Whenever you suspect your pooch being sick, you probably start to wonder, what is a dog’s normal temperature and when does it mean they have a fever. Fortunately, there's more than one way to figure this out without visiting your veterinarian.
Dogs have a higher normal body temperature than humans. That is why your pupper is often comfortable and warm even on cold nights, while you shake like a leaf at the same time. A dog's normal body temperature is typically between 99.5°F and 102.5°F (38°C and 39.2°C).
Anything outside of the above temperature range can signal a medical condition.
If your dog has a temperature under 99°F (37.2°C) or over 104°F (40°C), this is considered a medical emergency. Extremely low or high body temperature can even be fatal if it doesn’t get treated immediately, so take your dog to the vet if his body temperature is too high or too low.
How to Take a Dog’s Temperature
Knowing how to check a dog’s body temperature is one of the basic first aid requirements for every pet owner. While you can check your pup's temperature without a thermometer, it's recommended to check it using a pet thermometer. This type of digital thermometer is the easiest and fastest way, and you should always have one in your pet's first aid kit.
Using a thermometer, checking dog's temp rectally is the most accurate way, as opposed to orally, which won't accurate enough. Plus, there is always a risk of getting bitten.
Here's a guide on how to check your pup's temperature, and the video below:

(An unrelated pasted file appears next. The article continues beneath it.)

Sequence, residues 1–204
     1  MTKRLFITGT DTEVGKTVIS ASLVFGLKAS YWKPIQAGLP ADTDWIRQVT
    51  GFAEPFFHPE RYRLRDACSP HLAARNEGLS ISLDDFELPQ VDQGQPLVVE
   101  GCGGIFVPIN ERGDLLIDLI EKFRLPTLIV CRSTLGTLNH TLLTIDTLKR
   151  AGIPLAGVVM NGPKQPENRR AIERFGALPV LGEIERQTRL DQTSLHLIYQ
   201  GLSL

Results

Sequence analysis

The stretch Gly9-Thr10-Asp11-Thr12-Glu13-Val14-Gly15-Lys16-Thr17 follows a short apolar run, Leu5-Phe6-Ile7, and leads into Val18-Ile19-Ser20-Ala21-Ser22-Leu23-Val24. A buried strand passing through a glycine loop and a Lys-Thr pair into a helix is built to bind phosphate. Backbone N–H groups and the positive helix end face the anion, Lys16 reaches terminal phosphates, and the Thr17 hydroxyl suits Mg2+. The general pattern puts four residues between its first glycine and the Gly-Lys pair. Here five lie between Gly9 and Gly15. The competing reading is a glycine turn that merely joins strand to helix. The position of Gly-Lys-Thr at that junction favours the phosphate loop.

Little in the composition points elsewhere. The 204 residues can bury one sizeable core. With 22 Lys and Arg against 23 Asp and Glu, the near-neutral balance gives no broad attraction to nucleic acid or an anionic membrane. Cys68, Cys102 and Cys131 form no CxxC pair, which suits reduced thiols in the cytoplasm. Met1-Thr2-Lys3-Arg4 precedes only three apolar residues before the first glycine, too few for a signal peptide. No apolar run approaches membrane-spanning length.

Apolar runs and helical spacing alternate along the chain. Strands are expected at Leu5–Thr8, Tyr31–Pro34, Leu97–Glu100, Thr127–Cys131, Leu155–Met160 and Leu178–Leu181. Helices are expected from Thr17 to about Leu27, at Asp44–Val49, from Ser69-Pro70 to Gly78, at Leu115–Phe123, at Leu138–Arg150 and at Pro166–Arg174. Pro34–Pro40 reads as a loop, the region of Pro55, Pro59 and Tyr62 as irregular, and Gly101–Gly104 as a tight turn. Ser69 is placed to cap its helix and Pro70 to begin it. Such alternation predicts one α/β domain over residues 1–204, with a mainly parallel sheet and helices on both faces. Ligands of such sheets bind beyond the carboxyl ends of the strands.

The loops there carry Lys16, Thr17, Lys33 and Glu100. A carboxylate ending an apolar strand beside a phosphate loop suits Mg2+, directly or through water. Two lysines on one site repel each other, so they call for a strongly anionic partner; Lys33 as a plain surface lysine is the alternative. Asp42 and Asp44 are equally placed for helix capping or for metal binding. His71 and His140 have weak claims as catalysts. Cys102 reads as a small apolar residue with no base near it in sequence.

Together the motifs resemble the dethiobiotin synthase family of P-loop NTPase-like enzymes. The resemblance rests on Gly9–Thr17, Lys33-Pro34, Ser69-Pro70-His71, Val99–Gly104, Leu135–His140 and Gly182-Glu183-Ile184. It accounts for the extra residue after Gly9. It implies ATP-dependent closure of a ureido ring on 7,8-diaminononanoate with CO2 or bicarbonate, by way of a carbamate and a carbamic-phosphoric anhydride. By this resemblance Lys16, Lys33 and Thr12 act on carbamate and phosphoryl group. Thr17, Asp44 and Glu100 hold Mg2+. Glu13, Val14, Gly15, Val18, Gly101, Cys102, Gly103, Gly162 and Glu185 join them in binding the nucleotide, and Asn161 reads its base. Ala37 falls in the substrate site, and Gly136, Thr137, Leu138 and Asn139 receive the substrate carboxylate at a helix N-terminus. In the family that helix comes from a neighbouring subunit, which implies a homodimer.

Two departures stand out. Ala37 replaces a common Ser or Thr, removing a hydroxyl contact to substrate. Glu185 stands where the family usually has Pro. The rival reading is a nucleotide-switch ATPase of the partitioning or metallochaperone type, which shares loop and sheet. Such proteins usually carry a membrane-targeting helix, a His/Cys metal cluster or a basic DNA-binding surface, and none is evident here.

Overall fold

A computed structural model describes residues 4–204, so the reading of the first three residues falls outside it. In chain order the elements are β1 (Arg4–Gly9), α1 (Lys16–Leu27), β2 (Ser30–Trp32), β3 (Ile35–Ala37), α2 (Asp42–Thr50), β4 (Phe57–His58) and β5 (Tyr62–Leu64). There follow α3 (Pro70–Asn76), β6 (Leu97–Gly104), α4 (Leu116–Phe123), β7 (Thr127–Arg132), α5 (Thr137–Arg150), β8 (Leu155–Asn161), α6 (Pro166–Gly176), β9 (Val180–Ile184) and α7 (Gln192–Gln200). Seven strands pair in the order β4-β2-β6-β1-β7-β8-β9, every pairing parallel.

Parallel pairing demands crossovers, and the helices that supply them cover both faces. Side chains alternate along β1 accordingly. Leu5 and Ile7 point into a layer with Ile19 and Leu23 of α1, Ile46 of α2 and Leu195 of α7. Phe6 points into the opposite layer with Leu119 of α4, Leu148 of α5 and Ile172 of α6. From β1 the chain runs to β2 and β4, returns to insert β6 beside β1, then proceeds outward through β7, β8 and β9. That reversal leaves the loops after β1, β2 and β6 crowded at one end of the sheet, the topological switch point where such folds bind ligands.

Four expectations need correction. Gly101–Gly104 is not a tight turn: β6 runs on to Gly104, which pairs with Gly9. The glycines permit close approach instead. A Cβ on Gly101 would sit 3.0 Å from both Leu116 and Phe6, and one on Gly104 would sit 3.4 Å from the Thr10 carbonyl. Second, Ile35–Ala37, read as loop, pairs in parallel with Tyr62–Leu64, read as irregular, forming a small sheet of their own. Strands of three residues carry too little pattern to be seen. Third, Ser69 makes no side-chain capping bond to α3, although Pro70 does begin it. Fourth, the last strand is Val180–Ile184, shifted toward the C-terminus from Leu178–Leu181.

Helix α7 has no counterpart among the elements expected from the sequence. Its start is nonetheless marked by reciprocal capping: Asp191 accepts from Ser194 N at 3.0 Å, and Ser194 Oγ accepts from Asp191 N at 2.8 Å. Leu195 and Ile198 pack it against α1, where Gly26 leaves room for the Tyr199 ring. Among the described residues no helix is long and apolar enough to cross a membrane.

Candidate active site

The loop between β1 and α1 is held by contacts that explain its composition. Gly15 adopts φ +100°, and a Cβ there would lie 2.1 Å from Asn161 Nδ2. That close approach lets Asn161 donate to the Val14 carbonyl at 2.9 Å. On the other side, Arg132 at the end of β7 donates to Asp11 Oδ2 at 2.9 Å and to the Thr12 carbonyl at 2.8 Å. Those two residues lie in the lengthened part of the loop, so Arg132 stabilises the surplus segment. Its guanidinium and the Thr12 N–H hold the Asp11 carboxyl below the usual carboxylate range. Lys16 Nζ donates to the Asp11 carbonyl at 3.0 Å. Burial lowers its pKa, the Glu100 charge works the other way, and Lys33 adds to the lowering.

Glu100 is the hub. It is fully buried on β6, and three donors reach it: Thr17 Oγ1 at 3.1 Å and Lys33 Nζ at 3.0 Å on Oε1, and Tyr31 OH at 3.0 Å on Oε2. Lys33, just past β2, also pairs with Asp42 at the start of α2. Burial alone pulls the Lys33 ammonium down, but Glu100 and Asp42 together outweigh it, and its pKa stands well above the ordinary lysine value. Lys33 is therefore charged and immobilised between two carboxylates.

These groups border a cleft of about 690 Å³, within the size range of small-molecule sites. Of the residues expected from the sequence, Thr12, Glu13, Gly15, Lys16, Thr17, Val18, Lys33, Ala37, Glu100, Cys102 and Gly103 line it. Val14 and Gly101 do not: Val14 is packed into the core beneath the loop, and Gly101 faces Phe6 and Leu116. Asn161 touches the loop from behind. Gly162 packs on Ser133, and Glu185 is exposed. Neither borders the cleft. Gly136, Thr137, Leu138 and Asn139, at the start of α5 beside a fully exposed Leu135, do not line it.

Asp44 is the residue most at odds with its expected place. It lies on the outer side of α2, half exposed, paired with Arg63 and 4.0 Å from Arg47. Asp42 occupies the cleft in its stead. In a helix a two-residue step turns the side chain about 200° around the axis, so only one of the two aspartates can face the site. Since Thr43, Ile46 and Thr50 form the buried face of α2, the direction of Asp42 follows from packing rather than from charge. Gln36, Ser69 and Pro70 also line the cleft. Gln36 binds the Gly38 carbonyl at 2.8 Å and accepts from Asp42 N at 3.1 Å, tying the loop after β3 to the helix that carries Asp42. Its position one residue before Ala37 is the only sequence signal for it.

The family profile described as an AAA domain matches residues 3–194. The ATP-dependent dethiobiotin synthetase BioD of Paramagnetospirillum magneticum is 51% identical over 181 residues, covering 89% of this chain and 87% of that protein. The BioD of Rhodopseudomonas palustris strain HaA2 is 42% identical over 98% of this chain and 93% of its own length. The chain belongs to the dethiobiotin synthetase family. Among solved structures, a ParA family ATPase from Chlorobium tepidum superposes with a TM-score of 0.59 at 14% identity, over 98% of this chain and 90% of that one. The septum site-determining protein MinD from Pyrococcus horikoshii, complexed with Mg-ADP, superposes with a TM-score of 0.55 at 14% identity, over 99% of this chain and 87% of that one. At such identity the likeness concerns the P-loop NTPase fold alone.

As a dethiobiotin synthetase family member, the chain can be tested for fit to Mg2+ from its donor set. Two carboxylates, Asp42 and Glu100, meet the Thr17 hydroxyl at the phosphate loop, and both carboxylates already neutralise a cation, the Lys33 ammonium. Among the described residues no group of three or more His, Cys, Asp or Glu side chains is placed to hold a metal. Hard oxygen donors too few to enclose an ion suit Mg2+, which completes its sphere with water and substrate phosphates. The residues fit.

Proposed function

The process is simple but it will be unpleasant for your dog. You'll need a lubricant: baby oil or petroleum jelly, but water-based lubricants work best. In emergency, you can use a glass thermometer but typically that is not recommended because the glass can break and hurt your dog and it is nearly impossible to keep them still for two minutes, which is how long it takes for glass thermometer to get the reading. Instead, get a fast digital dog thermometer to make things easier for you.
Taking the temperature of your dog rectally may become a difficult tasks, depending on your dog. Ideally, get somebody to help you and hold your dog while you do it. That person should place one arm around your dog’s neck, while the other arm should go under his belly. Although, as you can see in the above video, you can also do it alone.
Once your dog is safe and secured in one person’s arms, lift his tail and quickly (but gently) insert a well-lubricated thermometer about one inch into his anus and press the start button. When the results are ready, you will hear a beep. This will tell you what you need to know, whether your dog has a fever and needs to be rushed to a vet.
With some dogs, it can be impossible to take their body temperature rectally, especially if there is no one to help you. In that case, you can measure your dog’s temperature in his underarm as well. Put the tip of the thermometer into his armpit and hold his arm down until you hear the beep.
Since using an armpit to take temperature reading is not as accurate as taken rectally, you should add one degree to the reading to get the closest approximate result. You can also take your dog’s temperature from his mouth or ears, but these results are not considered very accurate.
Taking your dog’s temperature properly is important. You can’t accurately determine a dog’s body temperature by touch, and it is necessary to use a pet thermometer. Take your dog’s temperature rectally for best results and consult your vet immediately if your dog has a fever or low body temperature.
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